May 16, 2012 / 5:00 am
Euro worries flare-up, risk is “off”, Spanish bank nationalization
The European debt crisis moved back to centre stage this week following the election of anti-austerity politicians in Greece and France last weekend. The situation in Greece is most tenuous but it’s the possibility of Spain defaulting that has investors on edge as its economy is far larger.
Market reaction was initially muted Monday but selling gathered steam the following two days. Risk “on” assets were particularly hard hit with everything from equities to commodity prices sharply falling as investors moved into risk “off” assets such as the US dollar and Treasuries. Oil and gold prices were caught in the downdraft with the price of crude slipping to its lowest level of the year just above US$96 a barrel Wednesday. Gold also notched its low for the year Wednesday falling to just under $1,600 an ounce. Margin calls further accelerated the declines on commodity markets.
Thursday brought much needed relief on both Greek and Spanish fronts. In Greece, word that the former finance minister was hoping to form a coalition government and keep Greece in the euro-zone buoyed investors, as did word that the Spanish government had nationalized one of its largest banks.
North American markets sagging in May
The S&P/TSX reflected the souring sentiment falling from 11,871 to 11,736 over the four days. Thursday was, in fact, the first positive day for Canada’s benchmark index since the start of May, up 61 points. New York markets faced similarly tough going with the Dow, S&P 500 and NASDAQ indexes losing ground over the four sessions. At the close Thursday, the Dow managed to eke out a gain snapping a six-day losing streak but was still down falling from 13,038 Monday to 12,855. The S&P 500 fell from 1,369 to 1,357 and the NASDAQ dropped from 2,964 to 2,933 over the four days.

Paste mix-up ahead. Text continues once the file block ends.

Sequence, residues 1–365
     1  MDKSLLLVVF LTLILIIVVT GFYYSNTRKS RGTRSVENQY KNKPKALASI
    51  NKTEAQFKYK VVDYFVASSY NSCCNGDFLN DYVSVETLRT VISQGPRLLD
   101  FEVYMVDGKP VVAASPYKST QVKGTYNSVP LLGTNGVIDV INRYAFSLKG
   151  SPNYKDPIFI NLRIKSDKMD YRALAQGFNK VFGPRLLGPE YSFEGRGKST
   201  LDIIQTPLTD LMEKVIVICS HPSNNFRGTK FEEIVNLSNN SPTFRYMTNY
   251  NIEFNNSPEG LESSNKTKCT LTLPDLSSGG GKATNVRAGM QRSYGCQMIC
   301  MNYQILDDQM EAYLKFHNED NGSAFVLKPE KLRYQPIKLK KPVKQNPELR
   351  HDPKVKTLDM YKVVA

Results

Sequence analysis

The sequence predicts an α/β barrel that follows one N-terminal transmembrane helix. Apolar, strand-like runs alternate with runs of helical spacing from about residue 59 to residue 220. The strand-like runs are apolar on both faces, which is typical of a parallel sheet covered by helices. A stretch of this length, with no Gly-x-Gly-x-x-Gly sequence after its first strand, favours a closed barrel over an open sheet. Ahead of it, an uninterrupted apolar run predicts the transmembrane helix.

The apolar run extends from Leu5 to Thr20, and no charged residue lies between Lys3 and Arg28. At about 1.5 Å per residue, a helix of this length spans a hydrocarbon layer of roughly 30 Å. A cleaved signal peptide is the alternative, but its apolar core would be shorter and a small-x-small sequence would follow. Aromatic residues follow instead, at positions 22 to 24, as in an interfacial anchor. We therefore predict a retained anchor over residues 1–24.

Further U.S. equity market weakness expected, but presents opportunity
Equities. Steve Uzielli, Portfolio Manager, Portfolio Advisory Group (PAG) wrote: “Fundamentals for equities remain largely positive as evidenced by corporate earnings results, supported by low interest rates, solid balance sheets, and historically attractive valuations; however, macro events will continue to overshadow market activity and equities are likely to remain in a sideways trading pattern.”
Fixed income. Andrew Mystic, Associate Director, PAG, highlights the following recommendations: “Term Call – given the recent decline in yields, we no longer see value in the mid-to-long end of the curve and recommend investors stay short at this time. Sector Call – underweight Canada, overweight Municipals, Provincials and Corporates. Currency Call – we recommend Canadian investors remain in Canadian dollars for their fixed income holdings. Alternative Strategies – new call – marketweight high yield, marketweight Emerging Markets Debt, underweight inflation protected debt.”
Portfolio strategy. Scotia Capital Portfolio Strategist Vincent Delisle says: “Slowing U.S. payroll gains and euro political uncertainty have hurt risk appetite since the start of Q2 in what appears to be a repeat of last year's spring/summer equity correction.”
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